In the 7th century, the Tang court in China sent Princess Wencheng off on a long journey to marry the king of Tibet. The princess was influential in converting Tibet to Buddhism, but her full impact and legacy has been contested by central authorities in China and Lhasa for over a thousand years (is this the world's longest propaganda battle?).
A few years back, I set off on my own travels to Tibet and in the eastern regions discovered a highly localized and utterly captivating version of the princess story. This story centered around her illicit love affair with a Tibetan minister and the birth of a child who later reincarnated to found a powerful line of local Buddhist masters.
In this second episode in The Borderlands series, my guest is anthropologist Cameron David Warner. He's a collector of Princess Wencheng stories, and a scholar who has a way of making the complexities of Tibetan Buddhism seem entirely relatable.
| Credits |
Cameron David Warner is Associate professor. School of Culture and Society - Department of Anthropology at Aarhus University in Denmark. I discovered his article A Miscarriage of History after my return from Tibet in 2014, and it became the guiding spirit for his podcast. I had a long conversation with Prof Warner via skype later which formed the bulk of the audio for this podcast and which filled in much of my patchy knowledge of Tibetan religious culture.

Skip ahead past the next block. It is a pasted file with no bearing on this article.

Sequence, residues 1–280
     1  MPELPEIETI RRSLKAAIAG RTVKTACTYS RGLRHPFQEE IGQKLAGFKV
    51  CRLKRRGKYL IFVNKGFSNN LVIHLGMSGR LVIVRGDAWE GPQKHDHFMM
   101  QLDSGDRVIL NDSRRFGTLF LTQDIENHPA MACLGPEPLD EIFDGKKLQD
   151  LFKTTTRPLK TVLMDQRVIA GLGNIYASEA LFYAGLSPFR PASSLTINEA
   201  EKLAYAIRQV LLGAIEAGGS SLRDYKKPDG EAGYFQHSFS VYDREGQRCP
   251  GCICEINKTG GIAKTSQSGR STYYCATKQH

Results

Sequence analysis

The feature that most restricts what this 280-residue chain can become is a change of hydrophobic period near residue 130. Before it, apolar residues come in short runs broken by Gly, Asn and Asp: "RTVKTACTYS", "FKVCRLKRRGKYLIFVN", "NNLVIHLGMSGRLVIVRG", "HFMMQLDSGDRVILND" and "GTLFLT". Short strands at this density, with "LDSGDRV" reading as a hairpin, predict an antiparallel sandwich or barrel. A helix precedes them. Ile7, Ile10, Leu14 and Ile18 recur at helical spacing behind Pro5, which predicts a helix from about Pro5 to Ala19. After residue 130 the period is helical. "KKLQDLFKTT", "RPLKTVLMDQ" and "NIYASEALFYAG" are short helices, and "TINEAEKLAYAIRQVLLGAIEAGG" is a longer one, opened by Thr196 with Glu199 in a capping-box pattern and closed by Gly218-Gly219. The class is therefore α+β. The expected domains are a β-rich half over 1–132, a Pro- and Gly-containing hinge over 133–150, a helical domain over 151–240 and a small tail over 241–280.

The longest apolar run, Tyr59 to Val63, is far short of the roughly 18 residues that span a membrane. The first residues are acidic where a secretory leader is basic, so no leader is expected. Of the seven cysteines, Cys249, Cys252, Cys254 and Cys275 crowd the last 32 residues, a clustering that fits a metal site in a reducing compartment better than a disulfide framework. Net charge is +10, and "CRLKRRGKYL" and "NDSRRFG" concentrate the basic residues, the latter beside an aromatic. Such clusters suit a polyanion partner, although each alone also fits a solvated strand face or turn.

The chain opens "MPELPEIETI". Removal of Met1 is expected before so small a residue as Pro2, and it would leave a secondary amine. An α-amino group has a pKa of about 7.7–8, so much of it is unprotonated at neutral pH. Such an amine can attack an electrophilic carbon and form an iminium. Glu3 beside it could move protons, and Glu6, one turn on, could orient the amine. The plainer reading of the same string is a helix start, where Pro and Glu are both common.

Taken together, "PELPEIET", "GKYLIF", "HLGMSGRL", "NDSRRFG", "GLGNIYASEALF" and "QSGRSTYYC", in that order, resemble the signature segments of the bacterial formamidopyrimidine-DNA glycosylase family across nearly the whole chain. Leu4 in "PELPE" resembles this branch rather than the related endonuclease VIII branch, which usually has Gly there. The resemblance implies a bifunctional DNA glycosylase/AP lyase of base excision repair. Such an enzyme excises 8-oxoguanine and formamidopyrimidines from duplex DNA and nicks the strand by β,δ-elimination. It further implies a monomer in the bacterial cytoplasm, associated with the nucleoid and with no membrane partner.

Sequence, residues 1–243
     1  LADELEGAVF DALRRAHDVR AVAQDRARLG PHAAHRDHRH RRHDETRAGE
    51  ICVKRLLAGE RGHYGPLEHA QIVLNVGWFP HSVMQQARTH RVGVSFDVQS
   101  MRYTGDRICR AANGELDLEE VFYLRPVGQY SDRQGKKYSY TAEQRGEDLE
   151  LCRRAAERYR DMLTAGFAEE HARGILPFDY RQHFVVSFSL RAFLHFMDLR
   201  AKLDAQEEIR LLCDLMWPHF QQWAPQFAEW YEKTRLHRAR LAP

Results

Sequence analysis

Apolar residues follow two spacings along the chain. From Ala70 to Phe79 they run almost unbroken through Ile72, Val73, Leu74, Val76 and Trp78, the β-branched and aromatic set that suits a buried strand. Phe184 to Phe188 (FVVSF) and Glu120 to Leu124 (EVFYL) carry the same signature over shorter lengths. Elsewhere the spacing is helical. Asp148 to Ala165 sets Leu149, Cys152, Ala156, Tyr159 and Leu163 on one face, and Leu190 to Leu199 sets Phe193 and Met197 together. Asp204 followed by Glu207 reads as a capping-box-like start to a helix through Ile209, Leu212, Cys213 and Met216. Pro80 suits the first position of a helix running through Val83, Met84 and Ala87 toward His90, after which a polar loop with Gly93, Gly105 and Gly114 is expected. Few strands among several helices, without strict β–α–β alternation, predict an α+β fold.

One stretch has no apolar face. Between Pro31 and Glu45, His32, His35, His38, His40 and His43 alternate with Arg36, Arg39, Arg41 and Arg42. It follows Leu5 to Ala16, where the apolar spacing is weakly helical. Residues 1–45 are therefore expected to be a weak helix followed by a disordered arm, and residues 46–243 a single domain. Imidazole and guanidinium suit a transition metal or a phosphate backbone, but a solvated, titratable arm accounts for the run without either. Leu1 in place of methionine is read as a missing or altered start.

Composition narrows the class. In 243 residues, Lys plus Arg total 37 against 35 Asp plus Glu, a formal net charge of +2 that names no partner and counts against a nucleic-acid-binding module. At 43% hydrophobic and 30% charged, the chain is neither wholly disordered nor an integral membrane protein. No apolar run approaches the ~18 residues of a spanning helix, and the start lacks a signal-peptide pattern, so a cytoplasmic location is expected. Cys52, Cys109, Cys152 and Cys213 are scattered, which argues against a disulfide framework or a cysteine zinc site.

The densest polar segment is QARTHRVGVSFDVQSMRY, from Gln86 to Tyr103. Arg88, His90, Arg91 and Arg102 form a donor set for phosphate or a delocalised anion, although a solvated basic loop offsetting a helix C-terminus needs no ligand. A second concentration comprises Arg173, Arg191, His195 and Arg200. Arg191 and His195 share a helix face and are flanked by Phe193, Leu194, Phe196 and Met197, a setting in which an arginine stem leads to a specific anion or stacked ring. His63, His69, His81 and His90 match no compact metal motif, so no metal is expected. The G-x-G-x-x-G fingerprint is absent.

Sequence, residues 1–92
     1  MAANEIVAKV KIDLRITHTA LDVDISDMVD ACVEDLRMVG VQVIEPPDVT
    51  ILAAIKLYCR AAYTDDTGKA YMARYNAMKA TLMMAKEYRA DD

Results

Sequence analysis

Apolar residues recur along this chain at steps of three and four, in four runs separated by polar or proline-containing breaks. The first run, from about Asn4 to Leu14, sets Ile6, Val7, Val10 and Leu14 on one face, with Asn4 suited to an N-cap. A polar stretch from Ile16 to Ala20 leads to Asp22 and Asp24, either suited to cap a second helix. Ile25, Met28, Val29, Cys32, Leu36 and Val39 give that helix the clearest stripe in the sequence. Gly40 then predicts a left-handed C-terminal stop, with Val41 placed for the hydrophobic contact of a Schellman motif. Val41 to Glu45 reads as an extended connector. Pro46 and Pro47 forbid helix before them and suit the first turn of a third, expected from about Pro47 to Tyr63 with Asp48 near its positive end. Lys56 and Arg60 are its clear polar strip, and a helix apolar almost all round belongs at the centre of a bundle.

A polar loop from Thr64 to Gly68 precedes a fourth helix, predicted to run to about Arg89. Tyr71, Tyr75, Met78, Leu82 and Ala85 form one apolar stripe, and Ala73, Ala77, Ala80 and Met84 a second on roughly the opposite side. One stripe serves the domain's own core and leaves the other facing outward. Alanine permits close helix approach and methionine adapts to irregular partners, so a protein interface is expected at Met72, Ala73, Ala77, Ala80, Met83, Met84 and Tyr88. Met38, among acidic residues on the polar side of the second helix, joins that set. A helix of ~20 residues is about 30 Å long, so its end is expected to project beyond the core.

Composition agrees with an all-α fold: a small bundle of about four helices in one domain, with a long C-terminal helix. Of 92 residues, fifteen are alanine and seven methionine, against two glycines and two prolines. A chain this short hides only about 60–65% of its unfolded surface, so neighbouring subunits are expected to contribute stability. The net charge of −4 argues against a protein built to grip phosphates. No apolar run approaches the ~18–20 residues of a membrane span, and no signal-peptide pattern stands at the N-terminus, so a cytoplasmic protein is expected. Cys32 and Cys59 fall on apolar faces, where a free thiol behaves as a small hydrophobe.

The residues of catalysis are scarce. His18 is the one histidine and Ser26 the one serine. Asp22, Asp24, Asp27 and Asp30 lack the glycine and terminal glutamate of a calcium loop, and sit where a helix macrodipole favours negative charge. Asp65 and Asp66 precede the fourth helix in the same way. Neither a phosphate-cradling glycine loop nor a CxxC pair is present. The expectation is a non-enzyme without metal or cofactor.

Thanks to Sandy Murray for cluing me into the Stone of Scone story. And also to Zuni Mountain Stupa for allowing me to confirm the reincarnation lineage of the Bhakha Tulku and for permission to use recordings of his chants.
All the writing and editing for this show, as well as all the audio editing and mixing, was done by me, Robert Kelly.
"In the Orchard Lies a Secret" - Moshang
"Teller of the Tales" "Colossus" "Thatched Villagers" "Touching Moments 2" "Infados" and "Overheat" - Kevin MacLeod, Licensed under Creative Commons: By Attribution 3.0 License
"Medicine Buddha Prayers" - Bhakha Tulku
"Baited" - Electrocado